The basketball metaphor isn’t an accident. Tuohy got a basketball scholarship to Ole Miss, also known as the University of Mississippi, after he went to an outstanding high school, Isidore Newman, because his father taught there and his tuition was free. He was not a standout student. "I tease everybody, I made the top half of the class possible. I was just a meathead trying to get to college on a basketball scholarship," he says.
"I was undersized and under-talented and we weren’t very good when I got there," he says, but Tuohy led the Ole Miss Rebels to their first SEC men’s basketball tournament championship in 1981. A point guard, "I played by fear that I was going to get run over," but many of his records still stand.
Leigh Anne was a cheerleader for the basketball team, and they got together. "She said it was because we had short shorts back then," he jokes. If they had worn the long, baggy shorts with the leggings like today, forget it. "I am the example—if people give you a chance," something good can happen.
The sentiment was bred into him by his father, Tuohy says, a beloved coach whose players still say decades later that the elder Tuohy lifted them up.
When the couple met Oher, the idea became action. "It really was the underlying basis for our developing a relationship with Michael. We couldn’t understand why people valued him the way they did," he says. "People are so undervalued. When given the opportunity, people can do wonderful things. It’s the foundation by which this whole world is flawed or existed or has prospects."
Oher just retired from the NFL at age 32 but Tuohy isn’t worried that he will go broke like other young athletes. "He’s not one of those. He’s very smart. He’s very frugal," and he’s been that way all along. "When he came here, that’s who he was. We just didn’t screw him up. We just gave him an opportunity."
Both with his children and with his employees, he’s tried to follow the same path, "that came to me by DNA." His style is "maybe a little hands off for people. You have to allow them to get there," he says. "I’ve tried to let people become who they’re supposed to be. It’s a harder avenue than the other one. The people who are like me," meaning restaurant operators, "we are control freaks."
He closes with advice for other owners in the same spot as he—find advisers and listen to them over your career, as he did with Auspex Capital. "I know then and I really know now that I couldn’t do it without them," he says. "The problem that people have who are at this level I was at, there’s nobody to ask that question of.
That’s why Auspex was important to me.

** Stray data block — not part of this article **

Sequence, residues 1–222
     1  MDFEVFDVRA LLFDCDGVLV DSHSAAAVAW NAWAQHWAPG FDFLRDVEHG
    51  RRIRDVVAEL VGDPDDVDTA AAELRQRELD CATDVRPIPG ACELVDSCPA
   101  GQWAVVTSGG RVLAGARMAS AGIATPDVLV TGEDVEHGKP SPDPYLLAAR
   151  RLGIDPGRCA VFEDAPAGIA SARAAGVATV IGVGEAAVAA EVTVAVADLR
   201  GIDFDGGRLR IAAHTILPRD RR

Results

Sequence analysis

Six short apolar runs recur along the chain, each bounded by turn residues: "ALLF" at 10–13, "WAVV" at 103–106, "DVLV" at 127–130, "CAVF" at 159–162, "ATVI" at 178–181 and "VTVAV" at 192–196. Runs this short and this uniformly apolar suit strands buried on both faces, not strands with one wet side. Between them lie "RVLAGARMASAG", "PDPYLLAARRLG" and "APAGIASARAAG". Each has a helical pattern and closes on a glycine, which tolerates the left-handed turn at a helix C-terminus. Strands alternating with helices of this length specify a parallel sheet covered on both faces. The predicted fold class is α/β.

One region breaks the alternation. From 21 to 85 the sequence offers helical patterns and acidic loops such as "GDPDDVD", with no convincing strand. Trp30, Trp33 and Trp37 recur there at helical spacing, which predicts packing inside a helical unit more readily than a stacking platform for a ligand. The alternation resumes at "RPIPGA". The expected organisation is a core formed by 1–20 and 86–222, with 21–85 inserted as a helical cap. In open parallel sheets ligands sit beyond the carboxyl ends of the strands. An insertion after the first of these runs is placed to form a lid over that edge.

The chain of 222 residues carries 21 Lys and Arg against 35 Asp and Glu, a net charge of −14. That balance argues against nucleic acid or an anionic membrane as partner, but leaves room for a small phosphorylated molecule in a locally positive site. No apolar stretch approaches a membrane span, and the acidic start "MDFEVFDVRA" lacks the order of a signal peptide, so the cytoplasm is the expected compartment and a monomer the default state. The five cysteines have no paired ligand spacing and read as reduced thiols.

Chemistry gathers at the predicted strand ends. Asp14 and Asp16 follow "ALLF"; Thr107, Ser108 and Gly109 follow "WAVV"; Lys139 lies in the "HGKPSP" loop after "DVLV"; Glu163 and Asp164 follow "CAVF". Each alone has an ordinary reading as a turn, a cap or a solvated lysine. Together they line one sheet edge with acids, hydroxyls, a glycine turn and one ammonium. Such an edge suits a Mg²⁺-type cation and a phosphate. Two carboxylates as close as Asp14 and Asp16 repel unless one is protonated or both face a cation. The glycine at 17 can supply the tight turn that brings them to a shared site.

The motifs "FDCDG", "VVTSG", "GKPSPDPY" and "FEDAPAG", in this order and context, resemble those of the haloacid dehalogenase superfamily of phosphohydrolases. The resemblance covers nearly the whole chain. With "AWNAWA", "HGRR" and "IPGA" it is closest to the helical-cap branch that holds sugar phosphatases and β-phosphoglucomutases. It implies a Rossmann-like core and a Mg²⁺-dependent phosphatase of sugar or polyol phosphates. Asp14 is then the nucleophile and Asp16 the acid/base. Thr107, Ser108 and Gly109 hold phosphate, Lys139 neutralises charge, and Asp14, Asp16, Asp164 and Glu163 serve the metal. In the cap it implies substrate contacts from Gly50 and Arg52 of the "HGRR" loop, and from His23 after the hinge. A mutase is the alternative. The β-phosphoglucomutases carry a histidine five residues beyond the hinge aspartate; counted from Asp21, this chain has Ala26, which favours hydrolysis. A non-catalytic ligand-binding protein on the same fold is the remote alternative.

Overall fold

"We don’t have boards. We don’t like to listen to anybody," he says. "That’s when it changes, when you start listening to someone."
‘A need is a need,’ says Leigh Anne Tuohy of ‘Blind Side’
It doesn’t take much to get Leigh Anne Tuohy wound up. As her husband says, "She’s very competitive to every inch. She’s driven like a Ferrari." And if you threaten her loved ones? "Don’t go there. She’ll cut your legs off if you go after the family."
On a visit to her Memphis home two days after the Oscars, she had already fired off her daily tweet about the swirling criticism over best picture winner "Green Book."
"I’m sorry if you don’t like it," she says, acknowledging it’s the same criticism her family faced since "The Blind Side" publicized their story of adopting Michael Oher, a black teenager, into their white family. "Go do your own thing. You do what you want to do to make a difference."
In "Turn Around," one of her two best-selling books, she urges people to do just that—turn around and notice someone in need, and then take action to help. "There are so many people we as humans pass by," she says. "I pull up to a bus stop and say, let me take you" where you need to go. She says she does so all the time and meets all kinds of interesting people that way.
"No one has time to do that," she says is everyone’s excuse, yet people have plenty of time to sound off on social media. "I think we’re all so concerned with hashtags and followers and re-tweets that it’s becoming obsolete" to shake a hand or give a hug. "It’s becoming a lost art."
She thinks people have more in common than they think, but "it seems to be the differences that keep raising their head," and she’s tired of the fighting. "I just don’t care who’s president of the United States. I’m not wearing a pussy hat," she says, those hats that women wore to protest Donald Trump’s presidency.
"They look ridiculous," for one thing. "Let them do them and I’m going to do me. I don’t care if you like me. I piss people off every day. I could care less."
These days her focus is on foster care, specifically eliminating the need for it in the United States by finding families for children in the system, and she gives motivational speeches to encourage random acts of kindness.
As for criticism, bring it on. "I don’t care if you’re black or yellow, fat or skinny, wear a Mohawk or wear a ponytail, a need is a need," she says.